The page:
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During a hybrid cloud proof of concept, it's important to test data migration processes, operational procedures -- such as failover -- and the integration points between private and public clouds. This ensures IT teams catch any issues around latency and error handling on the data side, as well as around cloud bursting and load balancing on the operational side.
Here are four steps to move forward with a hybrid cloud proof of concept (POC) in your enterprise.
1. Evaluate hardware changes
First, assess the impact of hardware changes. Most likely, your hybrid cloud will involve the migration of an existing VM server cluster to the public cloud, a new in-house setup or both. In any case, the initial migration will generally be from older gear to state-of-the-art servers. While virtualization abstracts away the hardware to a great extent, this will introduce some change. For example, compute instances will have memory differences. Additionally, available solid-state drive space and performance -- together with LAN bandwidth -- will likely increase.
Public cloud platforms evolve constantly, as reflected by providers' ever-expanding menu of instance types. Use a sandbox environment to optimize instances, as well as costs. This also lets you right-size and balance your initial hybrid cloud deployment.
2. Data migration
The next step toward a hybrid cloud POC is data migration. Purge any unnecessary files, and map out which data sets will live where in your deployment. Some will only be in-house, some will only be in the public cloud and the rest will cross the cloud boundary. Use governance and compliance software to validate these decisions and save time.
The next step is the actual migration, which IT teams generally perform in one of two ways:
- Piecemeal method: Also referred to as the trickle method, this approach occurs in phases and often without shutdowns. This does, however, require applications to synchronize all the data and is more difficult from a testing perspective. IT teams that choose this migration approach might need to perform additional tests in parallel operation.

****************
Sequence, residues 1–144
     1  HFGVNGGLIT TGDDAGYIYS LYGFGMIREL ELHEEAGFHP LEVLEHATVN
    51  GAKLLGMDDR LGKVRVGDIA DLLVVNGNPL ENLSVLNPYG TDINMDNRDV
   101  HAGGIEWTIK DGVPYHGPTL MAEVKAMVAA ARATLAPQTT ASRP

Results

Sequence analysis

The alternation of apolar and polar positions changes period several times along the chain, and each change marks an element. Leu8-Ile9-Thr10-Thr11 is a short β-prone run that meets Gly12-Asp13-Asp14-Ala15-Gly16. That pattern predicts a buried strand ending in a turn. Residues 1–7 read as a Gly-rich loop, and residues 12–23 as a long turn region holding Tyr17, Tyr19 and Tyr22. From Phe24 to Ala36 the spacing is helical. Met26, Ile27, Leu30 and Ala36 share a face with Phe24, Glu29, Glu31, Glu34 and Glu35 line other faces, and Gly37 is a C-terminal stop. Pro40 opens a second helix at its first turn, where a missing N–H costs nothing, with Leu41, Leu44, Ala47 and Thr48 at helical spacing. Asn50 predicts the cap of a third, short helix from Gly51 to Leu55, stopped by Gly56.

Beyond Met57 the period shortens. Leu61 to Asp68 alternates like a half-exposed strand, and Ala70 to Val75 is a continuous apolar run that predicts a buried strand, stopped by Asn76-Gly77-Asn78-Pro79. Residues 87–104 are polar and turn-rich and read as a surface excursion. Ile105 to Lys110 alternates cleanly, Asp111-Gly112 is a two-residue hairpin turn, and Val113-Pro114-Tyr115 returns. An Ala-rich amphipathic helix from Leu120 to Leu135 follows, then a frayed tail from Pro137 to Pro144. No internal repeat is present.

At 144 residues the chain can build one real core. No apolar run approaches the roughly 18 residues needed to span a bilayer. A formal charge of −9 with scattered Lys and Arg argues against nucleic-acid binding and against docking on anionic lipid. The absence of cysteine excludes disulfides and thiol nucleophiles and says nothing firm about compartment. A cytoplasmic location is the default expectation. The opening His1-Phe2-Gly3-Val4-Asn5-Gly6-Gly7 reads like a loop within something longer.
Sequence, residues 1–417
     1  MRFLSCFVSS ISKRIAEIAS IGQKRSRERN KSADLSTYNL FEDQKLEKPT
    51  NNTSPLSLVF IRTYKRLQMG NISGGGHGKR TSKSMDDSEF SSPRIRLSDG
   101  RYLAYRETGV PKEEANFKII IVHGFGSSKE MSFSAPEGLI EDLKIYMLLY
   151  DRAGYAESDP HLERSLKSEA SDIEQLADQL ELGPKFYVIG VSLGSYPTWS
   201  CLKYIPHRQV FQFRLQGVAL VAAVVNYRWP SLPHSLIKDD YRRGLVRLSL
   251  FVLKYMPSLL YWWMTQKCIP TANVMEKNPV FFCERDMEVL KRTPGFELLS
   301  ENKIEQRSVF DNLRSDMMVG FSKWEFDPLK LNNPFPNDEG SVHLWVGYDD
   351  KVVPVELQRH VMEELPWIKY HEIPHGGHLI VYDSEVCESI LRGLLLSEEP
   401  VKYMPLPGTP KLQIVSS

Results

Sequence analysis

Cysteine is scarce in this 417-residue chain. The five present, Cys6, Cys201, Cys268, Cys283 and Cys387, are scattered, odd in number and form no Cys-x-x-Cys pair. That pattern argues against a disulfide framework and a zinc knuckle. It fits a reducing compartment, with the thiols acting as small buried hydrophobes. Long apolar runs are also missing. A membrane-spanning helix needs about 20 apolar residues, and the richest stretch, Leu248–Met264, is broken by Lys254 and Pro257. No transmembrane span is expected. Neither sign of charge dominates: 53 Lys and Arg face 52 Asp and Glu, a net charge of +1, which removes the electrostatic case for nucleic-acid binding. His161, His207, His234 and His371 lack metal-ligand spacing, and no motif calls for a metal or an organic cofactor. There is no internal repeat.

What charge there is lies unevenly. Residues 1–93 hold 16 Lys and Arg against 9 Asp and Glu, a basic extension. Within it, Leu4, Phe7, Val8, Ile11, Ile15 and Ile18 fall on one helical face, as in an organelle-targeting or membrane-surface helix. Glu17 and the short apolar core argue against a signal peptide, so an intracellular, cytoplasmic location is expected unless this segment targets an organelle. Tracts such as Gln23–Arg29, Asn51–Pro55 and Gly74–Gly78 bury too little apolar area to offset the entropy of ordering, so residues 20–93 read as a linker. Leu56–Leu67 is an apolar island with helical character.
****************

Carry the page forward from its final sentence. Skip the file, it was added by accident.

- Big bang approach: This option requires a day or two of downtime, as IT repositions all the data. Compared to the piecemeal approach, this migration method is less technically complex but can feel much more like a race against the clock before restart time.
Operations teams should drive app migrations, as well as the migration of the operating environment, including network structures and storage. In most cases, apps will run in the cloud the same way they ran in the legacy environment, but certain changes, such as a move from block to object storage memes or even a general version upgrade, could make things complicated. Don't make any changes to an application during the migration process, as this could create issues around debugging or even lock that application into the new public cloud platform.
3. Set up networks and cloud bursting
Another challenge IT teams will face leading up to a hybrid cloud POC is building scripts to set up virtual networks in the public cloud. While certain hybrid cloud platforms, like Azure Stack, make this more seamless, a general lack of cross-cloud standards complicates this process. There are, however, translation tools for scripts, such as OpenStack Heat and AWS CloudFormation, and the industry is moving closer to interoperability standards.
With hybrid cloud networks, cloud bursting is often a top priority for enterprises, which means it should be a day-zero feature -- one that's available to use immediately. But before you commit a bursting process to a hybrid cloud POC, test it extensively in a sandbox. There are a variety of models for cloud bursting, some of which involve dedicated public cloud instances and some that use on-demand instances. Develop a careful financial model to ensure you fully optimize cost during bursts to the public cloud, and lean toward doing that after day zero.
4. Resiliency testing
Finally, once the hybrid cloud POC appears to run properly, you need to test its resilience and failover processes. Resilience refers to the ability of the compute cluster to lose nodes but still continue operations, as mediated by your orchestration system. Failover, on the other hand, occurs in more catastrophic circumstances, such as a cloud's availability zone going down for several hours.
For a successful hybrid cloud deployment, it's critical to test both of these processes. Success ultimately depends on the resiliency standards you set and will influence how you position snapshots and replicate data sets.
At this phase of migration, IT budgets and schedules are usually under pressure, but try not to cave in. It's important to test failover multiple times.